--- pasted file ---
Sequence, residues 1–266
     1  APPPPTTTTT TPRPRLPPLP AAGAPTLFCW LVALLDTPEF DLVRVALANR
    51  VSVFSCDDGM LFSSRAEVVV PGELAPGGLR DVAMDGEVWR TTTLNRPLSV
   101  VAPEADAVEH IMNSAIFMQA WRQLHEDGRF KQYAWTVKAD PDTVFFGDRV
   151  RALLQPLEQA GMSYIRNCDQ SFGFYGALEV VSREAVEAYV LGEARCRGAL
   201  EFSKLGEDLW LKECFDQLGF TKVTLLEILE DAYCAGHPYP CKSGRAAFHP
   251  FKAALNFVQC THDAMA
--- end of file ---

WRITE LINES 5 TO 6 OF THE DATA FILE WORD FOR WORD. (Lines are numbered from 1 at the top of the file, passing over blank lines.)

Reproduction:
   151  RALLQPLEQA GMSYIRNCDQ SFGFYGALEV VSREAVEAYV LGEARCRGAL
   201  EFSKLGEDLW LKECFDQLGF TKVTLLEILE DAYCAGHPYP CKSGRAAFHP